Violet Crown: the Origin of the Name

If you’ve lived in Austin for any period of time, you have no doubt heard the phrase “violet crown.” Several of Austin’s business and organizations use the phrase in their names – including the popular downtown cinema, community cycling club, shopping center, annual arts festival, community theater and east-side lounge. In fact, even the recently opened Violet Crown trail, the first regional trail system in Central Texas, was given the iconic name. The phrase clearly has significance in this part of the world. But where the heck does it come from, and why is it so widely used to refer to places and groups in Austin?

Violet Crown logos

For a long time, it was believed that the first published use of the phrase could be found in the short story “Tictocq,” written by William Sydney Porter, who was most well-known by his pen name, O. Henry and who began living in Texas at the age of 20. The story was published in his local newspaper, The Rolling Stone, in October 1894, and the phrase appeared in chapter two: “The drawing-rooms of one of the most magnificent private residences in Austin are a blaze of lights. Carriages line the streets in front, and from gate to doorway is spread a velvet carpet, on which the delicate feet of the guests may tread. The occasion is the entre into society of one of the fairest buds in the City of the Violet Crown.”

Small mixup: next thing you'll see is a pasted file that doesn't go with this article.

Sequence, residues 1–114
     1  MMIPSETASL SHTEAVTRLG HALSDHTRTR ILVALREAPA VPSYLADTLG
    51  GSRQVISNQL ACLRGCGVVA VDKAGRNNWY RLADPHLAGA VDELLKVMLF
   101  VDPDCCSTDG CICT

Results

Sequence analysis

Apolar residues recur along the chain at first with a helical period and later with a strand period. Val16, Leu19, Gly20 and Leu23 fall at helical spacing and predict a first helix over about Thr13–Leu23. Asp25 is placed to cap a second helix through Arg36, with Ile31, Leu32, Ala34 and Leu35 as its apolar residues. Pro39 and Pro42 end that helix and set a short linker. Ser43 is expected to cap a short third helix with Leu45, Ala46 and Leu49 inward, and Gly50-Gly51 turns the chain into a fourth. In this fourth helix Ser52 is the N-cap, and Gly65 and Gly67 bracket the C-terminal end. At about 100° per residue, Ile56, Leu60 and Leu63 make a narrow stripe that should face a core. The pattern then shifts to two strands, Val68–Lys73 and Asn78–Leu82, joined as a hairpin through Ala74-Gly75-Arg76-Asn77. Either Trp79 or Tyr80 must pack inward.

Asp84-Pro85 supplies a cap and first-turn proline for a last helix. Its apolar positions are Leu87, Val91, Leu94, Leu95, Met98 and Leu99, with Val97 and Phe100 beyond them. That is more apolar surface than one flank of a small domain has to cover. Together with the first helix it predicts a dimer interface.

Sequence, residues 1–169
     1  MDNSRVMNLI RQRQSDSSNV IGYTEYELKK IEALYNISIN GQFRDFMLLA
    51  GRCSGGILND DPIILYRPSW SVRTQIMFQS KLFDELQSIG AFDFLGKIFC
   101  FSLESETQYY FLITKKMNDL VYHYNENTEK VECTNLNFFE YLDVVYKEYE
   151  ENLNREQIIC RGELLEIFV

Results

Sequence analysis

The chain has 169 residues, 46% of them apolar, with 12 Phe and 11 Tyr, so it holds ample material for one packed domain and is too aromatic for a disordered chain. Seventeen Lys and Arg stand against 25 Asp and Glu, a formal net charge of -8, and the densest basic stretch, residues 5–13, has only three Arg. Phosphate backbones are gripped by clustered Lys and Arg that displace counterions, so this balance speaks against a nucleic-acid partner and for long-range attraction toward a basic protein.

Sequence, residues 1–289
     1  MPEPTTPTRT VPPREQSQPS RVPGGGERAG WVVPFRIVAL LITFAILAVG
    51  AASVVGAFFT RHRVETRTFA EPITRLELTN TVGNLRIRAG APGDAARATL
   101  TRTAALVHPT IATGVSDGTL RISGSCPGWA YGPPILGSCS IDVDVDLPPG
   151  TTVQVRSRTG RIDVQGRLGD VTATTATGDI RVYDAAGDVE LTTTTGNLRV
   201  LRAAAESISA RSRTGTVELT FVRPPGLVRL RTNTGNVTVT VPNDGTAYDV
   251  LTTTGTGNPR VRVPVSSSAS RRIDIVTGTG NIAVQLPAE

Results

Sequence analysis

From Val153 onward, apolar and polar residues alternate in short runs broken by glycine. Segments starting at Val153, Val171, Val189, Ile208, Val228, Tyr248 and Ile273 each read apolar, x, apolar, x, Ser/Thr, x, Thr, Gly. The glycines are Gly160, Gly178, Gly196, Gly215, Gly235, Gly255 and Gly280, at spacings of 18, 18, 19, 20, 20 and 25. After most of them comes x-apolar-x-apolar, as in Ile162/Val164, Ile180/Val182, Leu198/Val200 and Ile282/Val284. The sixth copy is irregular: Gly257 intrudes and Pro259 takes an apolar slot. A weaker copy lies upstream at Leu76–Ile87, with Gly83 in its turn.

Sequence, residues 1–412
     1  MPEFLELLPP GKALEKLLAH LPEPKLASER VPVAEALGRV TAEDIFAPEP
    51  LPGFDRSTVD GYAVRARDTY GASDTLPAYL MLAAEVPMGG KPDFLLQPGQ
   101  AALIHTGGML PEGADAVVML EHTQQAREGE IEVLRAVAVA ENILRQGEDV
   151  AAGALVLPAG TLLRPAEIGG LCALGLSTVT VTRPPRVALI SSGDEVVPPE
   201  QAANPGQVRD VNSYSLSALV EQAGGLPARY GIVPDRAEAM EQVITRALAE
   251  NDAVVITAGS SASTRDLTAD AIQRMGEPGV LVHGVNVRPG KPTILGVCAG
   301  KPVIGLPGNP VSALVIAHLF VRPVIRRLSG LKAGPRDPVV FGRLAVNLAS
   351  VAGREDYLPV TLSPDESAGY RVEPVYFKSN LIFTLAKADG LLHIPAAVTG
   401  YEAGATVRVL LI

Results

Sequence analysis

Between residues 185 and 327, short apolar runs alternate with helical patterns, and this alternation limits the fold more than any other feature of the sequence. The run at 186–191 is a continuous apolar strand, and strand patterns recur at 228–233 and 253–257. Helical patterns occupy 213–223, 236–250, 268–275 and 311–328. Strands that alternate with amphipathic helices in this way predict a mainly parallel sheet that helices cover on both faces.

However, the Austin History Center found an article in the Austin Daily Statesman in August of that same year – two months earlier – that begins: “May 5, 1890, was a memorable day in Austin. It was memorable for the reason that on that day the citizens of the City of the Violet Crown voted to build a granite dam across the Colorado River …”

Still earlier, the writer William Cowper Bran (1855-1898), an Illinois native and longtime Texas journalist, included the description “… Austin’s violet crown bathed in the radiance of the morning or arched with twilight’s dome of fretted gold” to describe the city in his paper, The Iconoclast, in 1891. And it just so happened that Porter (O.Henry) was an admirer of Brann’s work. But wait! The phrase was used even earlier by the Greek poet Theognis, born 550 B.C., in reference to the violet crown over Hymettus, a mountain near Athens, Greece. And still other writers over time have also used it to describe Athens; check out the Voices of the Violet Crown website to learn more about the phrase’s long and varied history.

Whether one can ever definitively determine who first uttered the phrase “violet crown,” what people do seem to be able to agree on is that during a brilliant sunset, when the color of the hills and sky to the west turns a lavender shade, Austin is truly deserving of the description. Blairfield Realty hopes you’re taking some time to enjoy it!

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